The actual facts of the matter - that a girl on the team had clearly tried to blackmail the coach - didn't seem to matter; he was an adult, white male, and she was a teenage minority female, and therefore, he had to be guilty. Of something. It didn't really matter what.

I've also seen two cases where children have threated their parents, telling them some variation of "if you don't do what I want, I'll tell my teachers you touched me there, and they'll take me away". Fortunately, both parents were wise enough to give the "well, we hope you like your new family" response, and called their bluff.

esr's claims may or may not be right, but his recommendations are just common sense. I know many managers at companies that have a policy that they WILL NOT meet with a female colleague in a closed office without a third person present.

In an age where the flimsiest of accusations are treated as fact, and every man is considered a potential rapist, men are going to avoid putting themselves "he said/she said" situations.

Or, as one comedian put it, "why don't any of these potential rapists want to be alone in a room with me?"

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Anonymous Coward

Re: Seems sensible for anyone with a high profile.

"[...] and inappropriate reference to Zola's pamphlet- [...]"

My reference point was a story by probably one of the Sci-Fi authors. An oppressed society painted "JC" on walls - and rumours spread of a character Jacque Cuse who was responsible for many rebellious pamphlets and acts. The strategy was to generate suspicions to make members of the ruling elite turn on each other - much like the totalitarian regimes of Germany and Russia in the 1930/40s.

IIRC that story introduced me to the word "brindled" to describe one of the leading rebel characters.

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Anonymous Coward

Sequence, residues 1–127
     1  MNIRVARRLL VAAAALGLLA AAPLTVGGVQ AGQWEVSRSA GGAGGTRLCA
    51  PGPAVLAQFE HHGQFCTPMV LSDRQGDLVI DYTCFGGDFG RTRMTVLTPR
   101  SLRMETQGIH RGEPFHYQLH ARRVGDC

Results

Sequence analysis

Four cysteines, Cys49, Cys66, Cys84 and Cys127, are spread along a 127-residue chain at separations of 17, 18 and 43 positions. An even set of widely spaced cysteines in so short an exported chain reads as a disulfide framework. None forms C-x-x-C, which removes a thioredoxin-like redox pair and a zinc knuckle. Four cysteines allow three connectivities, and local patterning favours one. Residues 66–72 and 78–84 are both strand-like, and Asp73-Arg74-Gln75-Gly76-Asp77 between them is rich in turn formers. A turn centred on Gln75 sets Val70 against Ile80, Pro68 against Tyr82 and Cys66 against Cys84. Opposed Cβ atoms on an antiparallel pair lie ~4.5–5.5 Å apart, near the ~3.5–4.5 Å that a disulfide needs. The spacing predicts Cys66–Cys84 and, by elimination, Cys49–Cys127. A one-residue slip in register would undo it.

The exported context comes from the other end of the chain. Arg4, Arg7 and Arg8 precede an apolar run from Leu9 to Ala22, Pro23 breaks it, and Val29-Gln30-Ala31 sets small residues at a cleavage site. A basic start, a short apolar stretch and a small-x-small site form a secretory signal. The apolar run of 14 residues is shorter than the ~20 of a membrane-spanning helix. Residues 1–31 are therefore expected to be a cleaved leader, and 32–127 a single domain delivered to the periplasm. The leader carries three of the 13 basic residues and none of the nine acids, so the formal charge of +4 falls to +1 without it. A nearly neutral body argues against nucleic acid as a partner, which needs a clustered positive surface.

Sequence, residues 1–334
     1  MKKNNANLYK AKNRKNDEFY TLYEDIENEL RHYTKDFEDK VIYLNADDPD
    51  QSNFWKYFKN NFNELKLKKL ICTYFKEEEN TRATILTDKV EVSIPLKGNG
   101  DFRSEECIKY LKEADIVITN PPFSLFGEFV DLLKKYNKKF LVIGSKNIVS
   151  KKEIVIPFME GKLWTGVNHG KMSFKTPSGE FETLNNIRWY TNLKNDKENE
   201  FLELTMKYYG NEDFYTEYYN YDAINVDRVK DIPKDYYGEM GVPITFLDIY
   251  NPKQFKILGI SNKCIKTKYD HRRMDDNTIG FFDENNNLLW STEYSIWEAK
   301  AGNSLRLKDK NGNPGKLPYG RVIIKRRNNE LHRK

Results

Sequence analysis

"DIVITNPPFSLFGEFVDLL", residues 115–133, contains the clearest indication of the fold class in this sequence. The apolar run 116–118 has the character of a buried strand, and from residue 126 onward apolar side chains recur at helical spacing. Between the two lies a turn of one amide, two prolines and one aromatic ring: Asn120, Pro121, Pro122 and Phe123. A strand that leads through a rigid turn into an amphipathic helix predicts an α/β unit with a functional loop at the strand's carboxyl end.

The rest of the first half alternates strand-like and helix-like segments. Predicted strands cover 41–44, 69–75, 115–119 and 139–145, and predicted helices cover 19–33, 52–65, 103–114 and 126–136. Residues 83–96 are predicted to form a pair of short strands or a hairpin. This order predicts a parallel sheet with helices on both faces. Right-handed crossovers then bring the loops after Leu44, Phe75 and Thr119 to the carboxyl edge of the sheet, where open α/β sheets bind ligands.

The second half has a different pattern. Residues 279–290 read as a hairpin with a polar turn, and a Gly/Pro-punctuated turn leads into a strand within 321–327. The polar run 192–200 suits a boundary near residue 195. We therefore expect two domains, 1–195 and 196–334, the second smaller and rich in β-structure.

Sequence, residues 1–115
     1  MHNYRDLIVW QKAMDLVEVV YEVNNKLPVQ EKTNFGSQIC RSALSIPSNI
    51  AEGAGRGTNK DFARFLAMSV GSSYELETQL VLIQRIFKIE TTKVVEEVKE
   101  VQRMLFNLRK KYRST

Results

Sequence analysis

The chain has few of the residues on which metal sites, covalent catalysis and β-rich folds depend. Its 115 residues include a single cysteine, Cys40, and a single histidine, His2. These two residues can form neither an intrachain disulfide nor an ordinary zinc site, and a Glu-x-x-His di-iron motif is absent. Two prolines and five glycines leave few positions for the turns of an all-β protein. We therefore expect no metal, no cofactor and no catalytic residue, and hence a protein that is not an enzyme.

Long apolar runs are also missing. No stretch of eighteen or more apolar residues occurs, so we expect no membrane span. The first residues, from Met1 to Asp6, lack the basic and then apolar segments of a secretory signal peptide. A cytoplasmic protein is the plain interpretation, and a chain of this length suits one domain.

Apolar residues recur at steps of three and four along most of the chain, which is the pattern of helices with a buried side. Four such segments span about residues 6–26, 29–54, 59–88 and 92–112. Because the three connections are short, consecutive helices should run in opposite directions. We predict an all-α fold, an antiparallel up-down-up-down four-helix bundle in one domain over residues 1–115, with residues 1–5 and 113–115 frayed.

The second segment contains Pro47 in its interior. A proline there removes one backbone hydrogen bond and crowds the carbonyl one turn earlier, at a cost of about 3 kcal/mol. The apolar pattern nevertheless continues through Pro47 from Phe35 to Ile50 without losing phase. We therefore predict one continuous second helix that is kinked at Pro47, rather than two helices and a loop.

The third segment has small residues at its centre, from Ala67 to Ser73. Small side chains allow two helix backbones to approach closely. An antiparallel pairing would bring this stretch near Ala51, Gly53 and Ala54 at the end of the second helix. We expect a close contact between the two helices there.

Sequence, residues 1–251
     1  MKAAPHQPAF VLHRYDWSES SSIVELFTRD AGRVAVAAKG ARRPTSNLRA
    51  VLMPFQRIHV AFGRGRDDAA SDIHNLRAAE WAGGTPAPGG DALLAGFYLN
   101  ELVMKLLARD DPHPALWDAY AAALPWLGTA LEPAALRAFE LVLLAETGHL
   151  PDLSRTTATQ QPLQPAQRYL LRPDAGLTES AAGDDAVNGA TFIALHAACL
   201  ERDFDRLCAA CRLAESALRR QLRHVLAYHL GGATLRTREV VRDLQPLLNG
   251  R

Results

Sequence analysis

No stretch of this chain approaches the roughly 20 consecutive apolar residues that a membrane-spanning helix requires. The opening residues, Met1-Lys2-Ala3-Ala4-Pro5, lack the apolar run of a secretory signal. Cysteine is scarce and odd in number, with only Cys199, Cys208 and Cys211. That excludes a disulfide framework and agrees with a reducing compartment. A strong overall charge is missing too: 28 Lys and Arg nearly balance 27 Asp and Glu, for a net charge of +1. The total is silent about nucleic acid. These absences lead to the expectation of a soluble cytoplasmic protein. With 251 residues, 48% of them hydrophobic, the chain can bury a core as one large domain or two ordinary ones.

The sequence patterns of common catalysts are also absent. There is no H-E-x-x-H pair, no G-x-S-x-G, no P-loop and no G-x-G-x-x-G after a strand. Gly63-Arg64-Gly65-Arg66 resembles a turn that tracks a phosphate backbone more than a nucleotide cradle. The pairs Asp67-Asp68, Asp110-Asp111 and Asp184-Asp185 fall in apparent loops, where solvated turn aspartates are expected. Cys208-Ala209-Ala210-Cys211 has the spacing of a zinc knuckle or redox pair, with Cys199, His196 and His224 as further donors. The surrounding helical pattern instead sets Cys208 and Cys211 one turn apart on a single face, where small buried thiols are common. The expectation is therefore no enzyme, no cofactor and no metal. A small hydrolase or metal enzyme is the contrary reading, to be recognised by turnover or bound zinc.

Re: @A/C Seems sensible for anyone with a high profile.

"I was studying to be a primary school teacher in the mid-nineties (I did not complete the degree). I recall the first time we went out on school placements - the few males in our cohort were told not to help any children if we saw them hurt in the playground and to leave them where they were and go get a female teacher."

My aunt was a primary school teacher, in the latter years even women weren't supposed to make any sort of "excessive" contact. This was universally ignored, kid scraped their knee and was bawling their eyes out, of course they bloody well got a hug and a square of chocolate.

My brother had the luck to sit as jury on a case where a female nurse was accused of inappropriately touching a female patient. You try turning an overweight, bed-bound patient without putting your hands in all sorts of places to get them rolled over! Apparently the sum total of the case amounted to something like 3 hours, much of which was the prosecution abusing the defendant in the dock, and the jury came to a not-guilty verdict in about 10 minutes. And we've paid for that out of our taxes - the judge, lawyers, Police time to make the arrest and interview the suspect.

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Childcatcher

Re: Teacher accusations

So 4 out of 5 allegations were true?

[ Sorry, my sense of humour is not working very well today. :-/ ]

Well, if not written at least sarcastically, I have to say that your statistics ability is offline as well. A more complete statement might be that for every 3,000,000 teachers, on average 600,000 are falsely accused of inappropriate acts by a student, while around 2,500 are justifiably accused and an indeterminate but significant number are not accused at all even though they should be.

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Pint

Re: Seems sensible for anyone with a high profile.

Note to Assange, stay away from hores in the future.

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Anonymous Coward

Re: Seems sensible for anyone with a high profile.

> In an age where the flimsiest of accusations are treated as fact,

In defence of the truth, I must say this observation of yours needs qualifying. Investigators and prosecutors will, in general, not treat "the flimsiest of accusations" as fact.